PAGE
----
Birdwatchers in Taiwan are used to driving up into the mountains, or standing at windswept spots along the coast. Yet the big cities are not totally lacking in places where you can get in a decent afternoon of birding.
In the north, Taipei Botanical Garden (台北植物園) is probably the best location for urban birdwatching. In the built-up core of Kaohsiung, Niaosong Wetland Park (鳥松濕地公園) is the go-to for birders who have just a few hours to spare.
The 3.6-hectare park, named for and located in Kaohsiung’s Niaosong District (鳥松), was the first wetland in Taiwan planned and deliberately brought into existence. Of course, humans have inadvertently created others, such as Gaomei Wetlands (高美濕地) in Taichung.
Photo: Steven Crook
Until the mid-1990s, this parcel of land was occupied by the state-run water utility. After they stopped using it, conservationists lobbied the government to turn it into a wetland education park. The water company dropped its initial objections, and work got underway. In September 2000, the park was ready for its grand opening. Admission is free, the park is open 24/7, and getting there isn’t difficult even if you’re depending on public transportation.
According to the website of Kaohsiung Wild Bird Society (www.kwbs.org.tw/wetland/english/Bird.html) — the NGO selected by the government to manage and maintain the park — 96 avian species are regularly seen around the wetland. The park is also home to up to 30 types of aquatic plants, various turtles, squirrels, insects, amphibians, and piscine species such as Mosquitofish (which Taiwanese call 大肚魚, “big-bellied fish”).
Photo: Steven Crook
Over the space of a couple of hours on a recent Sunday afternoon, my wife, my son and myself identified more than a dozen different birds. We’re occasional and minimally-skilled birders, but we had a decent pair of binoculars and favorable weather.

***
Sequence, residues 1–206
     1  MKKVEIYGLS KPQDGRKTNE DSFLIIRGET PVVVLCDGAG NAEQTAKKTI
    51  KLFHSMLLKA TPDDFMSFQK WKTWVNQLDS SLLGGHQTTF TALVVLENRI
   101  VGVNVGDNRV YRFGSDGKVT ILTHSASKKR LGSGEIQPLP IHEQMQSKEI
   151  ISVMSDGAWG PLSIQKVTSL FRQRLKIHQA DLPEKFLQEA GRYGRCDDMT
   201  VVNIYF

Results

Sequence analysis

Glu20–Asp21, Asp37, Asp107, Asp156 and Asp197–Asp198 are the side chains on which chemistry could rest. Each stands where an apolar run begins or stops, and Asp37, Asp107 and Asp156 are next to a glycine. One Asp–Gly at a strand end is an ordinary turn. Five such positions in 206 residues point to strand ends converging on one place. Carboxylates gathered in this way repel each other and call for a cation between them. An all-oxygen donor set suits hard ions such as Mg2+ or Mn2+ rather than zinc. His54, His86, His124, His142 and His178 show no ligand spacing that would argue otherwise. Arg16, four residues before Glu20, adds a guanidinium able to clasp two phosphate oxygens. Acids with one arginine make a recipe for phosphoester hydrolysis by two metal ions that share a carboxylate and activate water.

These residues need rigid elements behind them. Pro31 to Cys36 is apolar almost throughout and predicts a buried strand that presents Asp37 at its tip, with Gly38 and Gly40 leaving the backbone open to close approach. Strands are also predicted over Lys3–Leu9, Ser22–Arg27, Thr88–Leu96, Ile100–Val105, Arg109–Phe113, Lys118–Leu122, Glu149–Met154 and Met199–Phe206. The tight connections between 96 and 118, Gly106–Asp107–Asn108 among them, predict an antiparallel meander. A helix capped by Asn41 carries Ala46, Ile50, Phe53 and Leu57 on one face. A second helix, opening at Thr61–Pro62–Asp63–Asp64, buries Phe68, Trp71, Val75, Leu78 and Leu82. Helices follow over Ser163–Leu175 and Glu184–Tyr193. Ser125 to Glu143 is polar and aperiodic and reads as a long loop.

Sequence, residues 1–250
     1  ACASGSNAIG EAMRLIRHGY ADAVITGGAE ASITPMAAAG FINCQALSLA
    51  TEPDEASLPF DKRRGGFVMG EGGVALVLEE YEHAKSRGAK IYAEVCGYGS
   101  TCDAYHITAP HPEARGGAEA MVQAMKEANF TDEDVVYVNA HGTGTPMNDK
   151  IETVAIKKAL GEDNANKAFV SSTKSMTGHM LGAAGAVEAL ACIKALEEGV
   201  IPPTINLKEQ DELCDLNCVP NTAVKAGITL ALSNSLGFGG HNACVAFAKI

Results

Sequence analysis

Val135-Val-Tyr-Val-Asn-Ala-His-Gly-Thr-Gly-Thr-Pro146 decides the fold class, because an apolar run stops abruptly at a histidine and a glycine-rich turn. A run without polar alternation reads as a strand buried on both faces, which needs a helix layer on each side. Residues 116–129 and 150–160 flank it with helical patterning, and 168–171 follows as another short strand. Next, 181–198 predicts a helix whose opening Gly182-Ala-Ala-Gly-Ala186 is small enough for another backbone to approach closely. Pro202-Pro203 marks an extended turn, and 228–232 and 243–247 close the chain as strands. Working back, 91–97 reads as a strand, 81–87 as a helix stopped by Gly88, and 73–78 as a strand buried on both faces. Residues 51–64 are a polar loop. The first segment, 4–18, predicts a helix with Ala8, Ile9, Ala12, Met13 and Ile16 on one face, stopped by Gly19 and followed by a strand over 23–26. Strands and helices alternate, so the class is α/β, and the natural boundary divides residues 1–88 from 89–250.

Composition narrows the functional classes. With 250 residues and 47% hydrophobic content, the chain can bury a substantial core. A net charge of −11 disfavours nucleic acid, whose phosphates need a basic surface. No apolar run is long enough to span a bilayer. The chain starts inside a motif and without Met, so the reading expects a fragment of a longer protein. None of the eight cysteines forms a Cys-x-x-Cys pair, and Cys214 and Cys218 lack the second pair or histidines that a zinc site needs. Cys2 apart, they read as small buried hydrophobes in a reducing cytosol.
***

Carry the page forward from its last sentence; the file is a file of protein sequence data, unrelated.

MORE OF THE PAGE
We weren’t surprised to see Little and Intermediate egrets. Nor were we especially excited: These white birds are found wherever there’s some greenery and some water.
We were a little too early to find any Great Egrets, but if you go to the wetland between now and May, you’ve a good chance of seeing one or two. To tell these three species apart, look at their beaks. That of the Little Egret is black; its Intermediate counterpart has a short, thick yellow beak that turns red or black during breeding season; the Great Egret’s beak is longer and thinner, and changes from yellow to a darker hue in the breeding season.
Photo: Steven Crook
The Common Moorhen is another year-round resident. Its beak, which is mostly red with a yellow tip, is its most colorful feature. The body is almost entirely black.
In the bamboo on the southern edge of the wetland, several Japanese White-eyes (sometimes called Warbling White-eyes) were hopping around. In the same patch of semi-woodland, there were at least three Taiwan Scimitar-Babblers. This species is endemic, meaning it isn’t seen in other countries. It’s also a particularly handsome bird, thanks to the red-brown around its shoulders.